National Basketball Association Commissioner Adam Silver said on Tuesday it is not up to the NBA to regulate what players, employees and team owners say amid anger from China over a tweet from
Chinese state television said on Tuesday it would not air NBA exhibition games played in the country this week, heaping pressure on the US basketball league after a tweet by a Houston Rockets executive backing protests in Hong Kong.
Rockets general manager Daryl Morey apologised on Monday for any hurt caused by the tweet, which he quickly deleted over the weekend.
But China's government, fans and the team's partners were not mollified, resulting in loss of sponsors and broadcasts in the world's second-largest economy and an important National Basketball Association (NBA) market.
However, NBA Commissioner Adam Silver spoke up for freedom of speech saying it was not up to the NBA to regulate what players, employees and team owners said, nor to adjudicate differences between people around the world.
CCTV state television said it strongly opposed Silver's support of Morey.
Any comments that challenged a country's sovereignty and social stability were "not within the scope of freedom of speech", CCTV said, adding it was reviewing its relationship with the NBA.
Months of anti-government protests in Chinese-ruled Hong Kong have angered Beijing, which has accused Western governments of stirring up anti-China sentiment. China rejects outside intervention in Hong Kong as interference.
Chinese smartphone maker Vivo, a key sponsor for the exhibition games in China, announced on Tuesday it was suspending all ties with the NBA, underscoring the strength of the backlash in the country.
Chinese sportswear maker ANTA Sports Products Ltd <2020.HK>, which has endorsement contracts with several NBA players including Golden State Warriors guard Klay Thompson and Boston Celtics forward Gordon Hayward, also said on Tuesday it was halting contract renewal negotiations with the league.
The NBA had earlier issued a statement saying it regretted Morey's remarks, drawing criticism from US lawmakers.
But Silver, in Japan for an exhibition game, defended Morey's right to express his opinions.
"It is inevitable that people around the world – including from America and China – will have different viewpoints over different issues," Silver said in a statement. "It is not the role of the NBA to adjudicate those differences."
Silver later told a news conference in Japan, where he is attending an exhibition game, that the NBA was not apologising for Morey "expressing his freedom of expression".
"I regret, having communicated directly with many friends in China, that so many people are upset, including millions and millions of our fans," Silver said.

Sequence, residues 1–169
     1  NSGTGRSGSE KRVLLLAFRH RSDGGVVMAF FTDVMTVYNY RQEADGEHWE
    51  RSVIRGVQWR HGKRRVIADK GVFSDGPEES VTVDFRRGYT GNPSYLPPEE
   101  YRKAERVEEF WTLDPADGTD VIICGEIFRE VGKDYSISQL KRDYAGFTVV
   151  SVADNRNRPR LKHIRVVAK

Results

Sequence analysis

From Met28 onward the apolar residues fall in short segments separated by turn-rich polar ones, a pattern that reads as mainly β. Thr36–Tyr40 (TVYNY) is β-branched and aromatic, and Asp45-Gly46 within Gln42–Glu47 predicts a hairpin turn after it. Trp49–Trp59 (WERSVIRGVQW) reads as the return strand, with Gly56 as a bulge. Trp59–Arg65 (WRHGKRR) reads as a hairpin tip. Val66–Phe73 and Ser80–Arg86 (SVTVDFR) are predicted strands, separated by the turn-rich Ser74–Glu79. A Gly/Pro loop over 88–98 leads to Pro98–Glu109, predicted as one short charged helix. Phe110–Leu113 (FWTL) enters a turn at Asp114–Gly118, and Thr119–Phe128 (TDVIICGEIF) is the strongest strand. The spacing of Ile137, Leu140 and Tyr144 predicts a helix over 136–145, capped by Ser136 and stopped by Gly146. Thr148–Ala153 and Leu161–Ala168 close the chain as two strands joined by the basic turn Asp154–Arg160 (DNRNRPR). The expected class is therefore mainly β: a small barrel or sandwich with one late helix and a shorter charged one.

The league has worked for years to cultivate the Chinese market and regularly plays exhibition games there. Its top stars, including Rockets guard James Harden, frequently visit to meet fans and take part in promotions with sponsors.
"As a league we are not willing to compromise those values," Silver said, referring to freedom of expression.
"I'm sympathetic to our interests here and to our partners who are upset. I don't think it's inconsistent on one hand to be sympathetic to them and at the same time stand by our principles."
Silver said the league also supported Brooklyn Nets owner and Alibaba Group <BABA.N> co-founder Joseph Tsai, who issued a lengthy statement criticising Morey's tweet.
Chinese foreign ministry spokesman Geng Shuang referred to criticism of Morey's comment by the Chinese Basketball Association, which he said made China's position "very clear".
"I suggest they pay attention to the reaction of the ordinary Chinese people," Geng told a regular briefing.
Exchanges and cooperation would not work if people failed to understand public opinion and China would take "firm and powerful measures to resolutely safeguard national sovereignty and security", he said.
The NBA's regular season, to which CCTV owns the exclusive Chinese broadcast rights, begins this month.
Tech giant Tencent Holdings <0700.HK> has exclusive internet streaming rights in China, which media reports have said are worth about $1.58 billion. It has said it would temporarily stop showing Rockets games.
The decision heaps pressure on the league, which faces criticism on multiple fronts about its handling of the controversy.
Its apology on Sunday had disappointed some who see the league as the most progressive of the US sports organizations. Silver has in the past urged players to speak out on issues of concern at home, including questions of police brutality and gun violence.
Tencent said in July that 490 million Chinese fans watched NBA programming on its platforms last season, up threefold since the 2014-2015 season.
A pre-season game between the Nets and the Los Angeles Lakers is set for Thursday in Shanghai, with a rematch scheduled for Saturday in Shenzhen. However, organisers abruptly cancelled a Tuesday media event without explanation.
Several Chinese celebrities announced they would not attend an NBA-organised "fans' night" on Wednesday.
"The motherland always stands above everything," actor and singer Evan Li said in a statement.